It may well be that the current NPT framework is unbalanced and unfair. It was designed, after all, to respond to superpower concerns of the Cold War era. That said, American officials should insist that the Iranian regime lacks the moral credibility to reform it. Just hours before Ahmadinejad appeared at the General Assembly podium, a judge in Tehran convicted and sentenced to death two young dissidents -- Mohammad Ali Haj Aghaei and Jafar Kazemi -- on charges of being "enemies of God." Over the weekend, Iran hanged another 11 people. These and thousands of similar brutal acts of repression committed by the Islamic Republic make it clear that the butchers of Tehran should not be the ones leading the charge to reform the NPT and the global order it represents. That task must be left to responsible members of the international community, be they great powers or the tiniest of island nations, genuinely concerned with the treaty's pillars.

In making this argument, the Obama administration would also honor the Iranian opposition's repeated calls for governments around the world, particularly democratic ones, to refuse to legitimize the junta currently misruling their country. Many Iranian dissidents have emphasized that the most painless way to ensure a denuclearized Iran is to empower its democratic opposition. Refuting Ahmadinejad's challenge to the NPT by pointing to his apocalyptic ideology and dismal human rights record would be a powerful step toward marrying these two causes. All this is not to say that the diplomatic track should be abandoned. It does mean that in pursuing engagement, the West should resist the temptation to abandon its highest principles.

Sohrab Ahmari is an Iranian-American blogger and Northeastern University law student.

Photo: Peter Foley/EPA

Copyright © 2010 Tehran Bureau

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For a law student, this author is quite ill informed about the legal standing the Islamic Republic of Iran commands, with respect to the NPT.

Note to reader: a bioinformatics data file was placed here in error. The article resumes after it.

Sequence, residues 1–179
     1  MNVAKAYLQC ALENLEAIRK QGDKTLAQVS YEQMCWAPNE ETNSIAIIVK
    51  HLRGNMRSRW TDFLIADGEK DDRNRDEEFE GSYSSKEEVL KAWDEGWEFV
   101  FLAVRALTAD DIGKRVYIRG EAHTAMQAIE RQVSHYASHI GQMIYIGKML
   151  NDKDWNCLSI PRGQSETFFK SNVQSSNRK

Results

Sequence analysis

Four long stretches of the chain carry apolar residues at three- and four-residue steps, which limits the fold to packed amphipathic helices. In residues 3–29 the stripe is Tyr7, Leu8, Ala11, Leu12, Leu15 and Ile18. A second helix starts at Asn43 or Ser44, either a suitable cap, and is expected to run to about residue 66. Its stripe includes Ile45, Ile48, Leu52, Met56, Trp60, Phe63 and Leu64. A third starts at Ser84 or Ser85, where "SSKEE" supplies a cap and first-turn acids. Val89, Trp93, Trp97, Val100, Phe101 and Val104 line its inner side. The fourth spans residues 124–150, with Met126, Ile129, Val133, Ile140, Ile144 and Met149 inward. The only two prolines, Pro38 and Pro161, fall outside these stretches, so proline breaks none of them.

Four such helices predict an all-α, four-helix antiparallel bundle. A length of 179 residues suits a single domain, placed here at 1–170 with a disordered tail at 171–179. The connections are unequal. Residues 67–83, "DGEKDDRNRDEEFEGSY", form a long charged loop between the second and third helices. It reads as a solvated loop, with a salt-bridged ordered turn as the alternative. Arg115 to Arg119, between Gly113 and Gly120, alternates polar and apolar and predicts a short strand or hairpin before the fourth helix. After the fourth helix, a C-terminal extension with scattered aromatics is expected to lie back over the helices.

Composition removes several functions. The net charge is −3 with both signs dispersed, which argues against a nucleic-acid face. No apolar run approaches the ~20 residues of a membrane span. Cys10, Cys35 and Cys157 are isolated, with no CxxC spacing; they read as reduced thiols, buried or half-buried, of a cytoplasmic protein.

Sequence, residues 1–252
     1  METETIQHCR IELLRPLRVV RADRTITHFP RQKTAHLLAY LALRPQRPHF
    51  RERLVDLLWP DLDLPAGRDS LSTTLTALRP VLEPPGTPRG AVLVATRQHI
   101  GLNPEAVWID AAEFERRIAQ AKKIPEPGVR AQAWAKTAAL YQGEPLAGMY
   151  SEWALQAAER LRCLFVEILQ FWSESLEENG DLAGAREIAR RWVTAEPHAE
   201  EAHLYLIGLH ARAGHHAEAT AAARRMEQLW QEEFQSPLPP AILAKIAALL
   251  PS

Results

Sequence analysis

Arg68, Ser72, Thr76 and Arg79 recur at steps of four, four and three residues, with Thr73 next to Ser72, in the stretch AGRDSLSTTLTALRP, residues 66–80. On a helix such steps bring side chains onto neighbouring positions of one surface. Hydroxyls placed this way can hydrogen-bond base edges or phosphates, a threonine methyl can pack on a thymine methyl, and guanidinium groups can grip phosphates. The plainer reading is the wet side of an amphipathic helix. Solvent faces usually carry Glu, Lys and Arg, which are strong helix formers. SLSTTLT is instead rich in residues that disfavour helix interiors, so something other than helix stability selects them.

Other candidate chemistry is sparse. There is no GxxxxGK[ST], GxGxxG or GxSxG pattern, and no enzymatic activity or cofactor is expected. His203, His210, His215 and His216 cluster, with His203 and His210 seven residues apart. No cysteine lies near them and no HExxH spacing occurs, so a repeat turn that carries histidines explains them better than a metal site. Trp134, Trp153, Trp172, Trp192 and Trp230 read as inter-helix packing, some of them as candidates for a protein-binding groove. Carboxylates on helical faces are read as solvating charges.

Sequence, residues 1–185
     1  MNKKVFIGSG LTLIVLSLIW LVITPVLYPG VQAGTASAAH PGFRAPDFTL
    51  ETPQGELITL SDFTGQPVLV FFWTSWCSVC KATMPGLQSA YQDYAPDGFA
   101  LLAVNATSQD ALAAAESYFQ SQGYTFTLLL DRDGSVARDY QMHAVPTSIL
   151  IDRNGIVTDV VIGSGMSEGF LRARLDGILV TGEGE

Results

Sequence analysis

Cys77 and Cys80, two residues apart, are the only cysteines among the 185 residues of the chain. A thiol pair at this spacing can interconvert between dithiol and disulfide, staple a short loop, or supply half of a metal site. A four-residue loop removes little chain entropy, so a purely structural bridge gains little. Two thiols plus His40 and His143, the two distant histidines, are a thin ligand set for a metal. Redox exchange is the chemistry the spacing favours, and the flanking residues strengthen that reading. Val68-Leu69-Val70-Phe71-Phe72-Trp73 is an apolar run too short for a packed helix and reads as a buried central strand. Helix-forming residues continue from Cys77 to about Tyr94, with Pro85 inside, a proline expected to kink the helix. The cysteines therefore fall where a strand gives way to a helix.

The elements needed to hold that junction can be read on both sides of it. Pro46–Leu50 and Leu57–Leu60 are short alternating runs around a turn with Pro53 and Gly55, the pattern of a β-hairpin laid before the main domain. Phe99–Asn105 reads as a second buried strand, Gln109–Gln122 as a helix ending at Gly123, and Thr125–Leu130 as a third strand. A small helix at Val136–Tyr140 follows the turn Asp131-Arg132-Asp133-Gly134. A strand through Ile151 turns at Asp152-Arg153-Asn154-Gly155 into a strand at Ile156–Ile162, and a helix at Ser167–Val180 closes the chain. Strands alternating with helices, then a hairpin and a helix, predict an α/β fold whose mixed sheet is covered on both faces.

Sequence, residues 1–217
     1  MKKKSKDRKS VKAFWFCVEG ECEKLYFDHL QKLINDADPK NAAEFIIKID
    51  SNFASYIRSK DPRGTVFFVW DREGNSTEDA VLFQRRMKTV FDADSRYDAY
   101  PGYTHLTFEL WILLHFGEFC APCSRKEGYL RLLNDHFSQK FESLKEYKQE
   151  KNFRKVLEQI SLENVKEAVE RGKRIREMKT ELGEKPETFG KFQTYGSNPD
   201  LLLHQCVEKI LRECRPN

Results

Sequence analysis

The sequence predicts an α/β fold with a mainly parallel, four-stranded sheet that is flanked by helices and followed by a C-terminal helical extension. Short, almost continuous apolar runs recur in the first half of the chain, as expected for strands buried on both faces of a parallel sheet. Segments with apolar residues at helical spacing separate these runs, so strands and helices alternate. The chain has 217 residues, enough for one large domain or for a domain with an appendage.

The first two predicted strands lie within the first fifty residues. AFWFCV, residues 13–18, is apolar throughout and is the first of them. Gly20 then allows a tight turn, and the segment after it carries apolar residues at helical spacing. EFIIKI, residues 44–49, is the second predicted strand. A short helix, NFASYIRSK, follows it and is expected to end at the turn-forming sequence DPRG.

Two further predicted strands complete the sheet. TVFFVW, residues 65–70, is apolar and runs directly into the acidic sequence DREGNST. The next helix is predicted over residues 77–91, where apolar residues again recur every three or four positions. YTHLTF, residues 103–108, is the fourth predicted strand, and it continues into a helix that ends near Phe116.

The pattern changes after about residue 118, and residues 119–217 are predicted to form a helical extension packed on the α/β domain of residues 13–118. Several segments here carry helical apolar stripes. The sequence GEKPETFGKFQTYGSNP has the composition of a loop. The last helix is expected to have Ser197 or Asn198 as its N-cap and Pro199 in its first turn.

Even most critics of President Ahmadinejad concede he gave a powerful performance last week in New York, scoring multiple direct hits against the obvious hypocrisy of the major powers, in not living up to the NPT's basis of disarmament and sharing nuclear power technology.

No, this author is obviously blinded an agenda based on political subversion, in writing against the interests and aspirations of a solid majority living inside the motherland.

Tehran Bureau, when are we going to get some level of political balance established on this site? Please make the effort. And please, in the future try and pass on publishing this sort of meaningless shrill.

Pirouz / May 11, 2010 4:10 AM

Sorry, I thought I logged into Tehran Bureau. I guess I got Fox News instead.

Houshang / May 11, 2010 5:39 AM

I agree with Pirouz. Even though this article is under the commentary section, Sohrab Ahmari's one sided views should be countered by someone of the opposing view.

Nona / May 11, 2010 6:10 AM

That NPT is not balanced cannot be disputed. But, it is unbalanced in favor of the US and its allies. Then, there are other allies of the U.S., such as Israel and Pakistan, which do not give a hoot to the NPT, and then there is India that is allowed to obtain US nuclear technology with a cartoonish "safeguards agreement" with the IAEA, even though it has not even signed the NPT. By giving its nuclear technology to India, the US has violated the NPT brazenly.